Strengthening Indiana's School Accountability System

Wednesday, February 20, 2013
Daniel Altman
Press Secretary
(317) 232-0550
daltman@doe.in.gov

Chairman Kruse and Members of the Senate Education Committee:

With SB 416, we have the opportunity to strengthen Indiana's School Accountability System. A strong accountability system must be in place; a system that is accurate and transparent---a system that drives improvement. I believe in accountability, and I have been held accountable as a classroom teacher for 34 years.

The Department of Education is committed to strengthening our school accountability system to address its flaws that have been talked about in our schools and in our community. As you know, there has been previous testimony opposed to our current accountability system. I am sure several of you have heard stories in your own communities, as well. Our current A-F system is so complicated that the grades are unexplainable; educators are unable to communicate to parents and the community the meaning of the grades. Schools and communities can't comprehend how a school can be a 4-Star school one year and D-rated school the next year with very little change in ISTEP+ performance. There is no apparent explanation for how some schools went from being A schools to being F schools and how F schools became A schools in a year's time. While the assigning of grades A, B, C, D, or F should invoke a sense of security and transparency it has instead cause great controversy in our communities.

During the past few transition weeks, there have been many questions to the department regarding A-F. My department is doing its due diligence to provide answers. For the 2011-12 school year, 135 appeals were filed. Inconsistencies have been found to cause question about the system's integrity and validating the accuracy of the calculations is daunting. Because of this, I am not able to answer specific questions at this time regarding the inconsistencies, but the department is doing a thorough review. Right now, I am unable to communicate to a school how they can improve their overall grade. Schools deserve to have straightforward data to inform their school improvement plans. With sanctions placed upon schools for poor performance, we must have a system that is accurate and transparent.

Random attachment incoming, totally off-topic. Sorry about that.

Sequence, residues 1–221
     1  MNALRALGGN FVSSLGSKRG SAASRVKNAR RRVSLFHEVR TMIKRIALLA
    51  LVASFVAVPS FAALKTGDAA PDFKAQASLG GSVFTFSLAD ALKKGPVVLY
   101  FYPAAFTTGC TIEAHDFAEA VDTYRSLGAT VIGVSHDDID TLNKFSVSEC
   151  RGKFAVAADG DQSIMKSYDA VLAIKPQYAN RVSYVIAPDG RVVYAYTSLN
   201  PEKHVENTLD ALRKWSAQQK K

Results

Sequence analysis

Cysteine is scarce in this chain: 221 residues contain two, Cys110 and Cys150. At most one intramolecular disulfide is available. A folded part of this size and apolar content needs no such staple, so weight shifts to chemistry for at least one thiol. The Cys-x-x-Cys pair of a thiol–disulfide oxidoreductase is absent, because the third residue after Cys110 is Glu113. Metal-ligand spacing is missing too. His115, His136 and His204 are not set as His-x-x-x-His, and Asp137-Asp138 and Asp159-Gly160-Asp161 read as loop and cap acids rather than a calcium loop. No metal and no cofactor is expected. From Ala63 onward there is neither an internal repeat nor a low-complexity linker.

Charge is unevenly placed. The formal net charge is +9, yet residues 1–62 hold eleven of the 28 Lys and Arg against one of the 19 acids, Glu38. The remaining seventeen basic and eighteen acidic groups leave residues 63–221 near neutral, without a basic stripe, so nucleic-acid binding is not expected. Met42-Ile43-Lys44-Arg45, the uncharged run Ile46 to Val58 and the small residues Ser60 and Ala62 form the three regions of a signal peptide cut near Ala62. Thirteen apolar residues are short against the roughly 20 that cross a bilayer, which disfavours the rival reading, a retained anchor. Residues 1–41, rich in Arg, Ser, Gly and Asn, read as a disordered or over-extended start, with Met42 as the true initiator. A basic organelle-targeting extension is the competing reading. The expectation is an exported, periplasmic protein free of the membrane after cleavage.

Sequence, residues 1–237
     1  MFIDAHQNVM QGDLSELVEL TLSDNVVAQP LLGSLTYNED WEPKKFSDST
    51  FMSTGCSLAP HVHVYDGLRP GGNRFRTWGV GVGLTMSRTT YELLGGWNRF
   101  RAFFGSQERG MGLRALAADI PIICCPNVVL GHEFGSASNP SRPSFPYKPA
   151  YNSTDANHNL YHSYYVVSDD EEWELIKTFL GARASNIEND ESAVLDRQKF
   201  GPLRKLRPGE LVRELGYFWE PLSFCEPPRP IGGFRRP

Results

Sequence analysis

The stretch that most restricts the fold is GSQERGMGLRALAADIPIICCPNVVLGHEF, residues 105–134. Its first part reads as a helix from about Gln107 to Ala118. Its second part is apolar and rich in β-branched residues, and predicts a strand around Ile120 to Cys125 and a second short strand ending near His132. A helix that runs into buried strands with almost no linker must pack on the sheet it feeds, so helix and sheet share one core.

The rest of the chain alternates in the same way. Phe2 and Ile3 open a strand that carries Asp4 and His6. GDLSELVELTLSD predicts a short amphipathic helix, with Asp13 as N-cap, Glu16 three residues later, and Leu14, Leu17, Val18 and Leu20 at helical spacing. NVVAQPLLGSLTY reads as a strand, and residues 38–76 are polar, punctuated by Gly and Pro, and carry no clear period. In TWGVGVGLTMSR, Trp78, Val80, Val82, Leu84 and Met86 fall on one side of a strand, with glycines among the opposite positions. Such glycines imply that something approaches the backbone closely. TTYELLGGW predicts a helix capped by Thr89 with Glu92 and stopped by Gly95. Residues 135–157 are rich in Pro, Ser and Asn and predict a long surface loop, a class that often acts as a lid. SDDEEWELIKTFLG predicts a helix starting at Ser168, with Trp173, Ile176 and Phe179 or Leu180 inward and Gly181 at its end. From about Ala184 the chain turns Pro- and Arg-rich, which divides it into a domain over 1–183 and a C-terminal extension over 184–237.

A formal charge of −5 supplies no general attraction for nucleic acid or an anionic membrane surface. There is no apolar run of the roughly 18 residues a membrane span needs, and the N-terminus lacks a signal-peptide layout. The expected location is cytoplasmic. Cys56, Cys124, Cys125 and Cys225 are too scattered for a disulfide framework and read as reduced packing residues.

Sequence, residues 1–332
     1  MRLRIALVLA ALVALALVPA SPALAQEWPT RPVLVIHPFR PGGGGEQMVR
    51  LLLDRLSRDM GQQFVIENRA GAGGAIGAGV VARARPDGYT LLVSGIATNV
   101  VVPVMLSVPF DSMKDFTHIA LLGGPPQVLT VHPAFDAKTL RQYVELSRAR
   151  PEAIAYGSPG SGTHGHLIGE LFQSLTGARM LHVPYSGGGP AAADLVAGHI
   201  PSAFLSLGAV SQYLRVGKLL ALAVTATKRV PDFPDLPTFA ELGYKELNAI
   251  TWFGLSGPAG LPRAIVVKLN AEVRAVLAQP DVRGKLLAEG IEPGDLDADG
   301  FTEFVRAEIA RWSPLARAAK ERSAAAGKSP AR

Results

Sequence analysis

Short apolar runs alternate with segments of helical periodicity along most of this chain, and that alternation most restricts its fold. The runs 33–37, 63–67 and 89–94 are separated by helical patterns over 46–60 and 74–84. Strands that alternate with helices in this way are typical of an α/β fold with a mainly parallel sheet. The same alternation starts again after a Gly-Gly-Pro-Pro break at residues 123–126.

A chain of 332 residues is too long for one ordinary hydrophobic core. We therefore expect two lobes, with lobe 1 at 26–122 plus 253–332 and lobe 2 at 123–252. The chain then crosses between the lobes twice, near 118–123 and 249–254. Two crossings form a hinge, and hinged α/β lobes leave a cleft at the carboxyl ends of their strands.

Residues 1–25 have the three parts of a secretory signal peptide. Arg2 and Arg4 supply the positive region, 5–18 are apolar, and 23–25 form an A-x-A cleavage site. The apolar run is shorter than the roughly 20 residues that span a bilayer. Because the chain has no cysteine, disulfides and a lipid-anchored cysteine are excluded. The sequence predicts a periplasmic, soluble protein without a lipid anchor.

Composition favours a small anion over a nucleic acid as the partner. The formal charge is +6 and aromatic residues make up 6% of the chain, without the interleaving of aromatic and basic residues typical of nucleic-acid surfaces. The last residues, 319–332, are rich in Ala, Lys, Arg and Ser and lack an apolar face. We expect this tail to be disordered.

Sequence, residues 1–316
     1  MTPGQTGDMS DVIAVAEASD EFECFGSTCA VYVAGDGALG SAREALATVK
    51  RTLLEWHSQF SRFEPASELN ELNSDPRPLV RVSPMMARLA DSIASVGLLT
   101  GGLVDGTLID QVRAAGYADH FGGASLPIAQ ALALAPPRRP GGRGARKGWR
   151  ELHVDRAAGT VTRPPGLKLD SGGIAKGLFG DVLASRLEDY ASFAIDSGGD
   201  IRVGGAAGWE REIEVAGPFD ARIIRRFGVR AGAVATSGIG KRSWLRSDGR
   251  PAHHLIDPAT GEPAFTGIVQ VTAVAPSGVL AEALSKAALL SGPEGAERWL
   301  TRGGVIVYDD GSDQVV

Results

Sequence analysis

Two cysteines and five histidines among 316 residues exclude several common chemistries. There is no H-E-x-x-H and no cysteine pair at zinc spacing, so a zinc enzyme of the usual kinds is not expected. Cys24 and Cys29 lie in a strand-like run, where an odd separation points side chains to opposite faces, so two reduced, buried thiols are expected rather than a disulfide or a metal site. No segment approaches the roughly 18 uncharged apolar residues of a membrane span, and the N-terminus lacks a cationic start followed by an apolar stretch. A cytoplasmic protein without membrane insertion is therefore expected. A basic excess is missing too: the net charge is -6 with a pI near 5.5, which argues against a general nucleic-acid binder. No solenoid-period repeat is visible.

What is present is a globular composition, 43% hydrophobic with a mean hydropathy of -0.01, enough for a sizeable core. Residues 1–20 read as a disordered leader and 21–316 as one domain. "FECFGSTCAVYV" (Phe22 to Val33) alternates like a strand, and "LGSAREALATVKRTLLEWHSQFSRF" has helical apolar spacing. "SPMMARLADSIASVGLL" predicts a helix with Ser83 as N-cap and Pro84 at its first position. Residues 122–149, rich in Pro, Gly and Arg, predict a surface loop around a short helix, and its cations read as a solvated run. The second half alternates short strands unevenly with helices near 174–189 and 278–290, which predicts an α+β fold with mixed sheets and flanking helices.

This bill voids the administrative rule that has established the current A-F accountability model and allows for the creation of a subsequent rule that provides Indiana with a more rigorous accountability system in compliance with P.L. 221 that can report accurate and direct percentage data for schools in both student academic growth and academic achievement. In other words, the percentage of students showing academic growth from school year to school year would be reported and the percentage of students meeting or exceeding at grade-level performance cut-scores would be reported.

Measuring Academic Growth

Our current method of showing academic growth takes students' scores and compares them with their peers around the state of Indiana; thus educators and parents do not have a clear picture of each child's academic growth. To strengthen accountability, educators and parents need to see each child's true measure of growth from year to year. The most direct method of reporting percentage data for student growth is to administer true student growth measure assessments at the beginning of the school year and the end of the school year to show individual growth in a given school year.

However, since Indiana does not currently have true student growth measure tests in place, we must calculate individual student growth on our pass/fail ISTEP tests from school year to school year using individual scores.

Conceptually, one way to calculate individual student growth can be determined by calculating the gap between a student's performance score and the cut-score from year to year. The percentage of students in each school showing academic growth could then be reported.

Measuring Academic Achievement

For achievement, the percentage of students meeting or exceeding the cut-score can be reported which reflects grade level achievement.

Estabilshing P.L. 221 Improvement Categories

According to Indiana's Elementary Secondary Act (ESEA) Flexibility Waiver that has been granted by the U.S. Department of Education in February 2012, schools would ultimately be classified as Reward Schools, Focus Schools, or Priority Schools. Classification in these categories would be determined by performance in both growth and achievement.

With both growth and achievement being reported, schools can determine a course of action through the school improvement process to raise both students growth and student achievement in language arts and math.

Under this system, each student's improvement counts equally. This means there would be no comparison to a student's peers, attention would not be paid to only the "bubble" students who are close to meeting the cut-scores, and schools would not be penalized for students already demonstrating high achievement.

Every student would carry equal weight and focus. School improvement would be focused on each and every child...creating a very rigorous system that is accurate and transparent to strengthen school accountability.

Thank you for your attention. I urge this committee to support SB 416.